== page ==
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post #1 of 8 (permalink) Old 2012-01-31, 11:28 AM Thread Starter
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Hockey Stick question - hockey dad

Just wondering, what the downsides are to playing with a longer stick?

Subject is 6yr old boy (BD Aug 2005), playing house league with 7 and 8 yr old (2004/03 birth year). He is doing well, but having a bit of "stick anxiety", because he has the shortest stick in the dressing room. Well he is the shortest player, - there is one 7yr old friend of similiar size. He is doing well, had an end-end rush last game and stick handled through the whole team.

I cut the stick in August before the season started, and had it around the bottom of his nose at that time (with skates on). It's a wooden stick, youth size (thinner shaft than junior). I still have one uncut stick (bought at the end of last season (buy 1, get 1 50% off). Figure I mind as well let him use it (it's a black wooden Crosby Reebok), as next year he will likely want a composite stick (they are shiny, and most of his team is using them)

Newb hockey dad.

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post #2 of 8 (permalink) Old 2012-01-31, 12:24 PM
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Generally, there is no right or wrong to stick length.

As a general rule of thumb the butt end of the stick should be somewhere between the base of the chin and the tip of the nose with skates on, anywhere in that area is personal preference.

Stick length is ultimately a personal preference and something that will develop and change over the life of a hockey "career". There are a lot of factors that contribute to what length a player will find comfortable including height, skating posture, length of arms and torsoe, the lie of the blade and so forth.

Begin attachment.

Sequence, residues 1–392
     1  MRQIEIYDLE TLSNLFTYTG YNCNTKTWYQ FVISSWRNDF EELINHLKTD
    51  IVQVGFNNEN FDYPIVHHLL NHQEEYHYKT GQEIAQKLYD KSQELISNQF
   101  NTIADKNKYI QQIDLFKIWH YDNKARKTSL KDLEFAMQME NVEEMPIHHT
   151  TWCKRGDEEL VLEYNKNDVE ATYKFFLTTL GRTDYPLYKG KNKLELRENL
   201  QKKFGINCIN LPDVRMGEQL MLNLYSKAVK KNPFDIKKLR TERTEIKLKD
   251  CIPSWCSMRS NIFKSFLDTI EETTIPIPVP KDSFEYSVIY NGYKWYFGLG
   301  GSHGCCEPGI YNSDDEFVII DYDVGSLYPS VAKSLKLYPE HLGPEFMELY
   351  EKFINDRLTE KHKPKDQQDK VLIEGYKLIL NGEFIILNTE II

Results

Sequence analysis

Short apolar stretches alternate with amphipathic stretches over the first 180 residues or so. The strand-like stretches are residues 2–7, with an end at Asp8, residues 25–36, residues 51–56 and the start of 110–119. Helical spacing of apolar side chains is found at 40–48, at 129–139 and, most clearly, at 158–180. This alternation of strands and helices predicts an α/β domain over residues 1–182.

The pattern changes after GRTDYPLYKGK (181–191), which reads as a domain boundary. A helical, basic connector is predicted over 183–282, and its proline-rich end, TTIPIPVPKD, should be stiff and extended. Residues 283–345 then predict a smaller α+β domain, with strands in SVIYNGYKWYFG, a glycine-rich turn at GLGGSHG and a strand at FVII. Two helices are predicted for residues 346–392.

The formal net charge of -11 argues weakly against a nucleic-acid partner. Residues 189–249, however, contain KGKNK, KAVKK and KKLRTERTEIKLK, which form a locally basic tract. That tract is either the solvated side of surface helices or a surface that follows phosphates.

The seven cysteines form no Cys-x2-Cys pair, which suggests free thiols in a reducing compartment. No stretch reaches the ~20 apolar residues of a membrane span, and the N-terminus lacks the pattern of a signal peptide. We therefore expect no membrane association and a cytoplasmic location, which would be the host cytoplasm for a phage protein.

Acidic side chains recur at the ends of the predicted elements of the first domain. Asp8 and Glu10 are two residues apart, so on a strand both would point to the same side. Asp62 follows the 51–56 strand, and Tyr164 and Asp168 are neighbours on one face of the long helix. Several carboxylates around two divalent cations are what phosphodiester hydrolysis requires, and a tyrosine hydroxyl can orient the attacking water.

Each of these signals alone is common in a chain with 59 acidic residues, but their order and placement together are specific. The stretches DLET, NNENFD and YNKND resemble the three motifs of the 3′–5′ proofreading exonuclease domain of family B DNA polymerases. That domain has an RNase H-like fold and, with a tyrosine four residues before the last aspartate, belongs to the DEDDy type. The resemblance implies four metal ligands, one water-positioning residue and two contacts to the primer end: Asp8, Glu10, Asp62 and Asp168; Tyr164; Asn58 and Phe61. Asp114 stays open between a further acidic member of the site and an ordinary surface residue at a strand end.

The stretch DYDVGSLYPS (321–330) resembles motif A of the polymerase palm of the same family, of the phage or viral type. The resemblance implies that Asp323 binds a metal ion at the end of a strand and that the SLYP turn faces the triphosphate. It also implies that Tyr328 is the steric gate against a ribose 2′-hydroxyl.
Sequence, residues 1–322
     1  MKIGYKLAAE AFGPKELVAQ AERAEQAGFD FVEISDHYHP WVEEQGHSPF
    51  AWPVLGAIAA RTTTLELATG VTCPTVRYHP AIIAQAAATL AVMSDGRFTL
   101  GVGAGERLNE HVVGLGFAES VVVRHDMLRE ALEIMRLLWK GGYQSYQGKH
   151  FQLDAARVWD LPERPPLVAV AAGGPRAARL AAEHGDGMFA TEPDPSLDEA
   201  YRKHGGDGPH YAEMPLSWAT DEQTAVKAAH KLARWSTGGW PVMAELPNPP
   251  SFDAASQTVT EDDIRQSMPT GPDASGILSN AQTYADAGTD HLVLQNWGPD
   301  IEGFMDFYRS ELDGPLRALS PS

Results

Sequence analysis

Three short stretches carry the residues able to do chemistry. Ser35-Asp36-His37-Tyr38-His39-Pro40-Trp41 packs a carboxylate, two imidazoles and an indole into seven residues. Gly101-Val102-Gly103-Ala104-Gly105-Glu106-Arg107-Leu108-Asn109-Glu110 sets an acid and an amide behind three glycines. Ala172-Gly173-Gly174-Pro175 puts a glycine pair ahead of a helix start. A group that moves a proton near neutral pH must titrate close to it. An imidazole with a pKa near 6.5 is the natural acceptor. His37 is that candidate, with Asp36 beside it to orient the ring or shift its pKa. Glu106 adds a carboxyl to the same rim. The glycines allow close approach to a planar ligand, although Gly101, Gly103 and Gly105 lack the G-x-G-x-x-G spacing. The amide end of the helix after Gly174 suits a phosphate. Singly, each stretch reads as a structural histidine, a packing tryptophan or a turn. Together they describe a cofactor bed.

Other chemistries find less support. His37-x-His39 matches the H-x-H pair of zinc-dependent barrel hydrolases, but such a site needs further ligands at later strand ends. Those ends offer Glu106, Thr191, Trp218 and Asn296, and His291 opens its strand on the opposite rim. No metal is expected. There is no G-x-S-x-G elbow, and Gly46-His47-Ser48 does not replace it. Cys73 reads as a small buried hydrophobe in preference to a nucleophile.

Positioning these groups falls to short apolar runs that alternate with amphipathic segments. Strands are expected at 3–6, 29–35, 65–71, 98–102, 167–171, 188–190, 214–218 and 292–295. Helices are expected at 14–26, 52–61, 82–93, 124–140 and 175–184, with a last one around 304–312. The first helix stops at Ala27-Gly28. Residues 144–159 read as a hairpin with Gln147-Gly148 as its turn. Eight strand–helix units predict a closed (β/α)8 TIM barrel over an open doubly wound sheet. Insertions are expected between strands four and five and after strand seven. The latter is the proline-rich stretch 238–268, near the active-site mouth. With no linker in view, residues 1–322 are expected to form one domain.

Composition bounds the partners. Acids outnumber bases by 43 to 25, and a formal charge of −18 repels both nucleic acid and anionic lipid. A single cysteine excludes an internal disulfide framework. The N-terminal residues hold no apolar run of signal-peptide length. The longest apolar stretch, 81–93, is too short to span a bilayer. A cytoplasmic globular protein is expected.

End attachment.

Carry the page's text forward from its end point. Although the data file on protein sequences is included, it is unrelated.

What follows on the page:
I have played mostly on the shorter end of average most of my playing days and mine touches the base of my chin. On my current team my sticks are the shortest but I am not the shortest player. There are guys that prefer a longer stick for and often D-Men will prefer a longer stick for better range and reach. I recall some guys in the NHL playing with sticks almost as tall as they are!

Bottom line is as long as your kid is comfortable playing with the stick regardless of length is all that matters.
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post #3 of 8 (permalink) Old 2012-01-31, 12:28 PM
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Good response by YFZKoj.

FWIW, I played defense and generally played with a longer stick than most.

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post #4 of 8 (permalink) Old 2012-01-31, 01:46 PM
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My rule of thumb is just below the chin with skates on as others posters have noted. But after having the chance to watch Tobias Enstrom (defense, Winnipeg Jets) quite a bit this season I would definitely consider playing / learning with a little bit longer stick on defense.

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post #5 of 8 (permalink) Old 2012-01-31, 02:01 PM